Taking place in the 1960’s during the civil rights movement in New Orleans, Dollbaby offers a fun take on a historical fiction novel. Both Dollbaby and Queenie have sass beyond belief. Ibby isn’t lacking any herself. Fannie is a delight, yet a little crazy and eccentric. The plot takes place in three parts, separated by four years each. The first part when Ibby is young, the second when she is in High School, and the last and shortest, when she is in college. Each section offers an authentic look at the civil rights movement and what it was like for a white person to have a black friend. Ibby’s best friend was Dollbaby’s daughter.

I loved this book. I feel the author did a fantastic job analyzing the civil rights movement during that period. She crafted fun, complex, intriguing characters full of life. There was so much to like and enjoy. Then, there were the secrets. My, was I not prepared for what I kept learning. Especially the reveal at the end. There is a tie in reveal that had me shocked for days. Days! Even thinking about it now, I’m back to being shocked. It’s major. Not just OMG major, but major to the characters and plot line. You just can’t believe it happened; and a little you can’t believe the author wrote it in. It’s that shattering. That big. I don’t know in a good way. It’s just big.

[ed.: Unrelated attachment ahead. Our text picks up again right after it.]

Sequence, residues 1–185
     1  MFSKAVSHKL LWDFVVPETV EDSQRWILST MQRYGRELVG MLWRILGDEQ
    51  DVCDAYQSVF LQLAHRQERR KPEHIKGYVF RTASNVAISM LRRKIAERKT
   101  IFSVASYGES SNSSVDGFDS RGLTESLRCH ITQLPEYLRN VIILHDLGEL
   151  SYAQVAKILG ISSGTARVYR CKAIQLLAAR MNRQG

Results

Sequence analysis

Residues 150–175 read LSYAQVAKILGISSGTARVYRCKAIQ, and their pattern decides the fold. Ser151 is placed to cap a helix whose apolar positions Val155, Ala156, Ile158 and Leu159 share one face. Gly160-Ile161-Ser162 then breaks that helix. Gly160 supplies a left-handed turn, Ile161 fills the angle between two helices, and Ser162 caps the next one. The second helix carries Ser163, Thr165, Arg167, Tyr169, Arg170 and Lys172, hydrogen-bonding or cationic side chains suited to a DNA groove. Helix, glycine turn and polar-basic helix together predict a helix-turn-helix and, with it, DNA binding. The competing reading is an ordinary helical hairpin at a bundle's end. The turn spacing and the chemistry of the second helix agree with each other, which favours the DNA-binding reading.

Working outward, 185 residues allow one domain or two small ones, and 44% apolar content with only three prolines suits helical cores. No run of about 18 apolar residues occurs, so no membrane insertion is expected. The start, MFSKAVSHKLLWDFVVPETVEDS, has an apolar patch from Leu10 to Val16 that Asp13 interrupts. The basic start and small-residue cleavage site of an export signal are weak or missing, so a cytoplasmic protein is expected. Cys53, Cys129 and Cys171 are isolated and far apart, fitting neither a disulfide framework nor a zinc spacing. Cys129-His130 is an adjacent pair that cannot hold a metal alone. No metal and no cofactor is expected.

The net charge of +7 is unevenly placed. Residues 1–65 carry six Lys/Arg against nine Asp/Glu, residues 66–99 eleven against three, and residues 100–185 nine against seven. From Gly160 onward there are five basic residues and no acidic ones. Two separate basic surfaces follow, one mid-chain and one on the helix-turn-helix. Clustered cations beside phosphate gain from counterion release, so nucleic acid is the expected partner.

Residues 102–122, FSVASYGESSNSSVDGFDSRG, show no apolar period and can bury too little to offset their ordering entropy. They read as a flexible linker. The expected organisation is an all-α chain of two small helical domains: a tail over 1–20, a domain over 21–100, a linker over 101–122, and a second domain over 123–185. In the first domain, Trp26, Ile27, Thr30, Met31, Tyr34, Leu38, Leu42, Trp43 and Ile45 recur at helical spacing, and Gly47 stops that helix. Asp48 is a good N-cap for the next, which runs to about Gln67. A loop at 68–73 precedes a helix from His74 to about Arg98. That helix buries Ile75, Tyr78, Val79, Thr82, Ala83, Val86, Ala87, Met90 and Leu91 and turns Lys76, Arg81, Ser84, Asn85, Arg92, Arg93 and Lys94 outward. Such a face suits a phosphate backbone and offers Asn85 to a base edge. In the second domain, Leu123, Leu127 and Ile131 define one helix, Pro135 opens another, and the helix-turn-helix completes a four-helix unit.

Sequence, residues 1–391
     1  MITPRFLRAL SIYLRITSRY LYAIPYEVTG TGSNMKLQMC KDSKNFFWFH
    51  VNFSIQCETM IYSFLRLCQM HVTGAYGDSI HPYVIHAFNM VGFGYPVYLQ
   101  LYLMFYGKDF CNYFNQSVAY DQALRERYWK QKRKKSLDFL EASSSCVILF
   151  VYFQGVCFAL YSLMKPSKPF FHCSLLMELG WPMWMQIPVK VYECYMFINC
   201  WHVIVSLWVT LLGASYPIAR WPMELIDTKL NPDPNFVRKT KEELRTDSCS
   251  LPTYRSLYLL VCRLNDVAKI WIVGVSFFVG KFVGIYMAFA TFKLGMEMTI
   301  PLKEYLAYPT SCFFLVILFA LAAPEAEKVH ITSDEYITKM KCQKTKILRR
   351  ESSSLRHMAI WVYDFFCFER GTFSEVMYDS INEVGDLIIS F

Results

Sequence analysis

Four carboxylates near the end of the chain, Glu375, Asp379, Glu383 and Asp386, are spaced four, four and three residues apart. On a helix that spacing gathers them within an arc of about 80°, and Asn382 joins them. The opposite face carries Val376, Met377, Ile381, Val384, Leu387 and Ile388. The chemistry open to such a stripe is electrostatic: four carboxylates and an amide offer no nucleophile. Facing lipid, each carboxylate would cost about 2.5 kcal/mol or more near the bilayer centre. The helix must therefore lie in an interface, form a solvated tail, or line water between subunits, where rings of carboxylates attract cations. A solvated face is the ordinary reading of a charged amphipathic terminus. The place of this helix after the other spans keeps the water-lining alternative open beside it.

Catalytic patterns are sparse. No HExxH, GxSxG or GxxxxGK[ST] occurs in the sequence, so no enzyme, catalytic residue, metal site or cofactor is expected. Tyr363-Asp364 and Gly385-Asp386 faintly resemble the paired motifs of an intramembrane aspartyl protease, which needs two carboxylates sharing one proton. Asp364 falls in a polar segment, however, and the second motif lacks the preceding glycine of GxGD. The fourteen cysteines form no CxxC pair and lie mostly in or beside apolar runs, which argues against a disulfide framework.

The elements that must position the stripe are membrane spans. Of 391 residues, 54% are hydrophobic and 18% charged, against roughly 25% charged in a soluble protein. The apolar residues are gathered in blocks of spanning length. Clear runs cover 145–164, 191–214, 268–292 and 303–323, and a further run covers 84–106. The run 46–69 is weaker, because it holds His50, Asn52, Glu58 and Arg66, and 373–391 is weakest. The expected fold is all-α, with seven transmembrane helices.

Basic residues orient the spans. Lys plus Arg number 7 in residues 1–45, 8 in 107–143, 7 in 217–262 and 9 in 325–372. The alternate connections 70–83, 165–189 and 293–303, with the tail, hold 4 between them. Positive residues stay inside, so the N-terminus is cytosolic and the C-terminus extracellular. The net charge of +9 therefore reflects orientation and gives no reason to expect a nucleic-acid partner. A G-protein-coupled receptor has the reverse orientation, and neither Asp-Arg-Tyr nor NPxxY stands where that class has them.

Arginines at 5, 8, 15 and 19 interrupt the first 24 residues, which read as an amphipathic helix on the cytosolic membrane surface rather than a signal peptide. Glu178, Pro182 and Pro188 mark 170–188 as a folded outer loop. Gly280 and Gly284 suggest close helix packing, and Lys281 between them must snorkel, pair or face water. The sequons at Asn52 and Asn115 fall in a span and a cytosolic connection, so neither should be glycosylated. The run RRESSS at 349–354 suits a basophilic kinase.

There is something about this book that will keep you wanting more. It’s one of those pieces of literature that is so good and fulfilling that at the end you want an unnecessary sequel just so you can read more. There’s no point. No real plot thatcan be continued, but I want it. I will definitely try to read more by this author. She really hooked me in. I hope you will check this novel out. Believe me, you won’t be disappointed. It’s a little similar to The Help, but really only because there is “the help” featured. I find it can stand on its on far better. Just give it a go.

 

What Everyone Thinks They Know: The Truth About Alice by Jennifer Mathieu Book Review

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The Truth About Alice

By: Jennifer Mathieu

Released: June 3rd, 2014 by Roaring Brook Press

Length: 199 pages

Genre: YA Realistic Fiction– bullying

Rating: Four Stars

Acquired: via netgalley

 

Alice Franklin was one of the popular girls. She wore pencil skirts and fitted tops. She was pretty without trying very hard. She was wanted. That’s what got her in trouble. It started at a party, where it always starts. Alice “has sex with two boys in one night” according to one of the recipients who texts his best friend. That slut. If it was just sex, she’d be a slut. But, weeks later the boy with the loud keyboard dies while sexting Alice in a car crash. Now, not only is she a slut, she is a slut who kills the superstar quarterback because she can’t keep it in her pants. How could she! The Truth About  Alice isn’t her story, but the story of four people who think they know the truth; only one is right.